Welcome to our Leaders in Tech editorial series. Speaking to leaders in the industry to capture their stories, career highs and lows, their trials and successes, their current company and their role, most recent projects, advice to others, and the individuals who they most look up to in the industry.
This week, we talked to Milen Kovachev, DevOps Coach and Transformation Lead at Tangerine, to find out more about why he joined the tech industry, what his role entails, what are the challenges he faces as a tech leader, and his advice to aspiring engineers and developers.
First of all, can you tell me a bit about yourself and your current role?
I am a DevOps Coach and Transformation Lead at Tangerine Bank, Canada. I coach 20 development teams in high-performance DevOps software delivery techniques and practices. I also lead the DevOps Enablement team in the design and development of the DevOps Platform at Tangerine – a far-reaching solution that covers every aspect of delivery at Tangerine.
Can you tell me about your journey and how did you get where you are now?
I have been designing and implementing software solutions for almost 30 years now, starting as a C++ developer in the early 90s. Over those years, I helped many businesses design and develop software solutions in various industries, including technology, health, finance, big data, and government. Eventually, I started a consulting practice where I help enterprises optimize their software development approach for a better and faster delivery that scales. This approach naturally landed me in the role of a DevOps coach that I practice now.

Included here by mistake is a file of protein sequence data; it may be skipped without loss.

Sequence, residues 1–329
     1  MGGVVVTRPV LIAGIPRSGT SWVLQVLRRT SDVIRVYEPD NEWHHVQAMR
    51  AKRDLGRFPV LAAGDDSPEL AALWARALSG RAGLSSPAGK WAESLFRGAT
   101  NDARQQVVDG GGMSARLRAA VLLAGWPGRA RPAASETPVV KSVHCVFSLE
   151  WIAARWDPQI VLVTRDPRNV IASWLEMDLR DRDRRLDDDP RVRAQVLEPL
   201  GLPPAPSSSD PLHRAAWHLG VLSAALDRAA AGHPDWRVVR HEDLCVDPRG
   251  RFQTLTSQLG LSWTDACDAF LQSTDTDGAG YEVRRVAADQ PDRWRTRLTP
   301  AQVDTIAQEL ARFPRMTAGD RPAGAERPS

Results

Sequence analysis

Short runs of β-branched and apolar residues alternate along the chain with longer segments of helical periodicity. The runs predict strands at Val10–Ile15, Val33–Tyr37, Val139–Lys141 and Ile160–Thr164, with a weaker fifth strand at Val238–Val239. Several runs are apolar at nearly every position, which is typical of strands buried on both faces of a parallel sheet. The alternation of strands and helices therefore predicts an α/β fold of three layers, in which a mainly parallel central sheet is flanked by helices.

What inspired you to get involved in the IT industry?
When I first came across the PC as a kid in the mid-80s, I fell in love with the machine. It was so easy and powerful to create and run a program, something that has behavior and the ability to interact, almost like giving life to a living thing, but also with the potential for endless improvement. This fascinated me so much, that at that time I knew what I wanted to do in my professional life. This fascination is still with me in my daily work.
What is your expertise?
Over the years, I wore many hats including senior software developer, systems analyst, solutions and enterprise architect, business intelligence, data warehouse, big data specialist, Agile team lead, Cloud Native specialist, as well as a DevOps coach and transformation lead. I often lead large teams and coach them in development and testing practices that make Agile and iterative software delivery a smooth experience.
Do you have a favorite part of your job?